Paynes Prairie State Preserve

Paynes Prairie State Preserve

Looking Across Paynes Prairie State Preserve

Description: Day hiking through wild and historical Paynes Prairie. You're likely to see alligators and other wildlife. Bring your camera.

Starting Point: North Rim Interpretive Center. Take State Road 20 to SE 15th Street in Gainesville. Go south on SE 15th Street about 2.4 miles on the right. There's a big brown sign off to west side of the road, but it's hard to see from SE 15th Street. N 29.61487 deg, W 82.30600 deg

Alternate Starting Point 1: Boulware Springs. Take State Road 20 to SE 15th Street in Gainesville. Go south on SE 15th Street for about 2 miles. Boulware Springs is on the west side of the road. N 29.62128 deg, W 82.30602 deg

Alternate Starting Point 2: Paynes Prairie Preserve State Park. About 7 miles south of Gainesville and about 3 miles north of Micanopy, on U.S. Highway 441, on the east side of 441. N 29.61487 deg, W 82.30600 deg

Finishing point: Same place you started.


Spend the day exploring this historic 21,000-acre wilderness just south of Gainesville. Paynes Prairie was, during the late 1600s, the site of the La Chua Ranch, the largest cattle ranch in Spain's Florida. William Bartram passed through here in 1774, dubbing the place the "Great Alachua Savannah."

Heavy rains beginning in 1871 slowly flooded the prairie, converting it, by 1873, into a body of water known as Alachua Lake. Steamboats ran on the lake for a while, but in 1891 the lake drained dry like a giant bathtub when the Alachua Sink somehow opened up, siphoning off the water. By 1903 cattle were once again grazing on the prairie's grasses.

In my lifetime, I've seen Paynes Prairie dry, and I've seen it flooded enough to have white caps on it on a windy day.

Where to start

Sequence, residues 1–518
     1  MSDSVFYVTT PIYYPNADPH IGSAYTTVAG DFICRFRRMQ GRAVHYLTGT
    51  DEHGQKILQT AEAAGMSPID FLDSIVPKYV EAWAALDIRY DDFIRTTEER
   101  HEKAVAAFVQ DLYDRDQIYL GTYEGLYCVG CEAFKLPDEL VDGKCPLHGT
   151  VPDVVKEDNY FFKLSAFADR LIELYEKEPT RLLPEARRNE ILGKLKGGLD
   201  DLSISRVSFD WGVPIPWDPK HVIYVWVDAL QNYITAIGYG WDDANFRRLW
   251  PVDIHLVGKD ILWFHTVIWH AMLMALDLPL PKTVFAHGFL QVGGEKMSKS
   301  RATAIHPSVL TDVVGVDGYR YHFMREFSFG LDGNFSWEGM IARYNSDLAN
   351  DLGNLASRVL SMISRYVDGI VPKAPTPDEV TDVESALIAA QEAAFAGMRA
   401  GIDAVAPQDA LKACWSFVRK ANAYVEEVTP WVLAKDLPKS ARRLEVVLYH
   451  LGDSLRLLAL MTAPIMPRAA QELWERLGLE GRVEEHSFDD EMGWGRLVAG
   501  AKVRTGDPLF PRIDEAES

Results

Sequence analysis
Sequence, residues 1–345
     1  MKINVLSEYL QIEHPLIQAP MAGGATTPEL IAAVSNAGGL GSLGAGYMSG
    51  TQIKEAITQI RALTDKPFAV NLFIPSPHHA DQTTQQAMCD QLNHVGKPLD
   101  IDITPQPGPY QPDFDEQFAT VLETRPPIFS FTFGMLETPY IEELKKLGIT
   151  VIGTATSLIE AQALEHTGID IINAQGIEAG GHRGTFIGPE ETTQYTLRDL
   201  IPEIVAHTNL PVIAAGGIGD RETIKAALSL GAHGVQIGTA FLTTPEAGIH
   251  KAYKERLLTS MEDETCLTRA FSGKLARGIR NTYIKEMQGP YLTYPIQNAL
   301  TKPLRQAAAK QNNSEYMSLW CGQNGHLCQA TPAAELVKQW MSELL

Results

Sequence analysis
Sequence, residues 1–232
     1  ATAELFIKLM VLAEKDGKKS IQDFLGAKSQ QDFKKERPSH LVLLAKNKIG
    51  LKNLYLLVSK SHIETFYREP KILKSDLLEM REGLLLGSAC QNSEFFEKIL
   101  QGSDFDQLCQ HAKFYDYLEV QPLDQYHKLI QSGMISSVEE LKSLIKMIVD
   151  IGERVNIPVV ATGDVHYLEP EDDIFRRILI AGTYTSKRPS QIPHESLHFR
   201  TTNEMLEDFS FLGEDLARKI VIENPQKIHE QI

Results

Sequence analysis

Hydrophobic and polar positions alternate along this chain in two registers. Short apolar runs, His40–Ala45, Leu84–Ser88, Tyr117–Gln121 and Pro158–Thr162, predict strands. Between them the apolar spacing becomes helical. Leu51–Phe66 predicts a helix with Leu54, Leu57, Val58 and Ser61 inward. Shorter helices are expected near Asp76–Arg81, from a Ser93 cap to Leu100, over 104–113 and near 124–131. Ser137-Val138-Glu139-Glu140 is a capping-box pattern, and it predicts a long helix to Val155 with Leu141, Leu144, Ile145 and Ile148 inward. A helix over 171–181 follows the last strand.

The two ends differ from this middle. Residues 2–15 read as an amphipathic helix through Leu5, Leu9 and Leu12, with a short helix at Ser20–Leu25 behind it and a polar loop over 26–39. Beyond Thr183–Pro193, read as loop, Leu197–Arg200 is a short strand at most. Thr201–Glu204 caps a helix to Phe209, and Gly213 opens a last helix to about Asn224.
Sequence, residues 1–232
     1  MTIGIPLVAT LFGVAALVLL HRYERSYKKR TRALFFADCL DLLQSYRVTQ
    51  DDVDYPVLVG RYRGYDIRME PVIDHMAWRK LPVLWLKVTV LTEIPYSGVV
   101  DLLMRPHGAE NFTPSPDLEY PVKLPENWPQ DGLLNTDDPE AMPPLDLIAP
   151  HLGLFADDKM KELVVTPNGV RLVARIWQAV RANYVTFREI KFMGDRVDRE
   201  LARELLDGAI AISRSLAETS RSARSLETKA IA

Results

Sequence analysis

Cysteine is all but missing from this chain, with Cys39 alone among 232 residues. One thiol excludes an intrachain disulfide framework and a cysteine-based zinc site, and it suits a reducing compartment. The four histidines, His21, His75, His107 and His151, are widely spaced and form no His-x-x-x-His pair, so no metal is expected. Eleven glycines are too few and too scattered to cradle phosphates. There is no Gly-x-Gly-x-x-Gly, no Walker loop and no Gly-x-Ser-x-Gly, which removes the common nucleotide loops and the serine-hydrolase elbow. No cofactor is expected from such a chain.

picture of a cottonmouth water moccasin on Paynes Prairie

One starting place is from Paynes Prairie State Preserve, near Micanopy.

There are a variety of trails you can walk.

My favorite is the Cone's Dike Trail because I tend to see more wildlife there. During this time of high water, keep a watchful eye out for water moccasins and alligators on the trail. They're not really a problem, just be aware they might be there. Alligators may appear lazy and slow-moving as they lie still sunning themselves, but they can rise up on all fours and run up to 30 miles per hour over a short distance. Think of how quickly a lizard can move, and imagine an alligator moving with the same speedy agility, because it can. Use that thought to tell you how much distance to maintain between you and an alligator.

Other Starting Places

The North Rim Interpretive Center is also a good place to start. From here it's just a short walk down the La Chua trail to Alachua Lake.

Gators, Gators, and More Gators!

Alligators on Alachua Lake

During times of normal water levels, Alachua Lake is the best place I've ever seen to photograph alligators. To say they are numerous might be conservative.

When you're near the water, be careful where you step in the tall grass. I once walked to within about 10 feet of a large, sleeping alligator before I saw it. Luckily, the creature paid no attention to me. But that was too close for comfort.

The most delightful (and in some respects, spine chilling) photograph of alligators in this area was taken by my friend, fellow Floridian, and outstanding photographer, John Moran.

When it comes to capturing the heart and soul of Florida in pictures, nobody, in my opinion, does it better than John. It's been said that if Florida had a photographer laureate, it would be John Moran.

Check out this INCREDIBLE nighttime photo. You just will not believe it's possible for one small lake to have that many alligators. Aptly named, it's called The Night Has a Thousand Eyes Besides some choice opportunities to photgraph alligators, I've also gotten some good chances to take pictures of water birds--herons and egrets, for example.

The interpretive center is only open during regular business hours Monday through Friday, excluding holidays. At other times, the office and gate are closed, making this starting point inaccessible.

Start at Boulware Springs

When the North Rim Interpretive Center is closed, you can get to Alachua Lake by starting at Boulware Springs off SE 15th Street in Gainesville and walking the mile or so down the Gainesville-to-Hawthorne Trail to the Interpretive Center, then on to Alachua Lake, and beyond.

Contact Paynes Prairie State Preserve 352-466-3397

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